Another triumph for the forces of law and order today as seventeen members of a loyalist flute band were cleared of defying a ban on them marching past a Catholic Church in North Belfast in August 2012.

BBC News 4/3/2014

Those accused had been charged with failing to comply with a Parades Commission ruling on the Young Conway Volunteers passing St Patrick's Church.  But a judge dismissed the case against all of the defendants because it could not be proved they knew about the determination despite being told about the determination, big signs being put up informing them about the determination and leaflets being handed out reminding them about the determination.

A month earlier the Shankill Road-based Young Conway Volunteers had been filmed walking in circles outside the church on Donegall Street and following that incident the Parades Commission ruled that it should not pass St Patrick's on the 'Black Saturday' event.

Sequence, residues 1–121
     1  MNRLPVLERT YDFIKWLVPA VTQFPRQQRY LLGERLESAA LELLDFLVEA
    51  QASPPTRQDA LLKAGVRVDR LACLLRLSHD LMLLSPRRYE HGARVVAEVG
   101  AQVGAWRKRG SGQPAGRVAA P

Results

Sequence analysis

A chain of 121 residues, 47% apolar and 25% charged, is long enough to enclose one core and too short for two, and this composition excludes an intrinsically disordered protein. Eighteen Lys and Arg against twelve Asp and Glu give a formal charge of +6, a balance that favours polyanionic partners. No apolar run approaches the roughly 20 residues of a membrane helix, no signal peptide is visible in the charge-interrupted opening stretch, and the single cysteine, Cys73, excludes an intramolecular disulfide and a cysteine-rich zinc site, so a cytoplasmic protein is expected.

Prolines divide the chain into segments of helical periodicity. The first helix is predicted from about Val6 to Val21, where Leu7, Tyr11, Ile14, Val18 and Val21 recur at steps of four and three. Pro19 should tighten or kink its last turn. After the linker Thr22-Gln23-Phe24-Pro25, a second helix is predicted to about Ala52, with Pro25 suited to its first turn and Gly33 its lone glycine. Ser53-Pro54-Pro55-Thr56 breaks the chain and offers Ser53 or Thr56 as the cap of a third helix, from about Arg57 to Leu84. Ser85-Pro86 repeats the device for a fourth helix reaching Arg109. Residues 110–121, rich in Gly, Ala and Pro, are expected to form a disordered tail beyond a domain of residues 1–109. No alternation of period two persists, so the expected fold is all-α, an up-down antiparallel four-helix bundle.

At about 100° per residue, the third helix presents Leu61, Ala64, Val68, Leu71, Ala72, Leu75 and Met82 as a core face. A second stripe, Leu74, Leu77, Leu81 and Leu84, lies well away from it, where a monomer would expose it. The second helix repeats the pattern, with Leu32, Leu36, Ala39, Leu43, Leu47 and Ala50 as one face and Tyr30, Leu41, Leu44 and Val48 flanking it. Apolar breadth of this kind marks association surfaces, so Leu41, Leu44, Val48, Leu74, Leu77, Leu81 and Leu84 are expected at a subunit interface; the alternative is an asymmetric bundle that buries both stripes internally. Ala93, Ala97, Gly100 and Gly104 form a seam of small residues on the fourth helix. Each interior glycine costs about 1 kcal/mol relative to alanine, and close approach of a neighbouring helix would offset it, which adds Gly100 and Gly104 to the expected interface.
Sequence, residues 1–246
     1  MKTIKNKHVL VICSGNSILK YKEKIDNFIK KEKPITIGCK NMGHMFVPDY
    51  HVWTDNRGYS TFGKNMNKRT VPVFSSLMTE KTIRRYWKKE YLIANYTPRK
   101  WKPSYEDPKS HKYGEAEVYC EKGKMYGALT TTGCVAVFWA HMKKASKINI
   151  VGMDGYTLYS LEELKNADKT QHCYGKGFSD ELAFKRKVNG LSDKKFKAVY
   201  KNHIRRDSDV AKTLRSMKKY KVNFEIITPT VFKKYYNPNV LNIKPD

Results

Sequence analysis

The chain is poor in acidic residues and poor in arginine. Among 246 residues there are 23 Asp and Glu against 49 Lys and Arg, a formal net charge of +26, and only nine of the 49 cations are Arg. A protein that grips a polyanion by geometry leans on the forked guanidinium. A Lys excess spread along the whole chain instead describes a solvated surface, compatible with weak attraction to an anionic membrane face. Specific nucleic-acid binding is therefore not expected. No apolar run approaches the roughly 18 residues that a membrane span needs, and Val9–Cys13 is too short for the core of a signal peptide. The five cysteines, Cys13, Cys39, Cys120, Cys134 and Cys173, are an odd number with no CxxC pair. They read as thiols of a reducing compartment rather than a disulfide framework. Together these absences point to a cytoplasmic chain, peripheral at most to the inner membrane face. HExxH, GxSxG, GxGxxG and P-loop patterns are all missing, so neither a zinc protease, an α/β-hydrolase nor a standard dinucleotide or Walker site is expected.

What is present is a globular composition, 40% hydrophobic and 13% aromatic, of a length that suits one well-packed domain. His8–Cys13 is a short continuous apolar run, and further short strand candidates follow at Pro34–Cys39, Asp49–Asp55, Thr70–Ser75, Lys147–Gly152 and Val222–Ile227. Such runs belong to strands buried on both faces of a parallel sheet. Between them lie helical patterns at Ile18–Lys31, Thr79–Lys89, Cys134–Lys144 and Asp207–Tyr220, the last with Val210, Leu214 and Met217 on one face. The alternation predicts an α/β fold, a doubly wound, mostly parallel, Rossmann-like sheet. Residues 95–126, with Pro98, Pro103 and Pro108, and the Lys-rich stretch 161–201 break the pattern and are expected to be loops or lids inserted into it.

The defence argued that because there were loads of people there they wouldn't have been able to see the big signs informing them that the parade was unlawful. Sounds legit.

Acquitting all 17 accused, Judge Nixon said: "The standard of beyond reasonable doubt has to be established. "On these facts the case against these defendants is dismissed."

So that's good.

But wait...

It would appear that some people in court today were fearing the worst and taking the opportunity to take photographs of the accused in the courtroom and posting them on Facebook.

Not a good idea given past rulings on this practice.

Being good law abiding citizens we have edited those photos showing the interior of the courtroom but we're happy to supply them to anyone outraged enough to make a compliant to the authorities.

As for the photographer, the so-called 'Ulster Man' a.k.a. Toy Soldier joined his chums after the court case for a celebrity pint or three

 Bottoms up Gordon.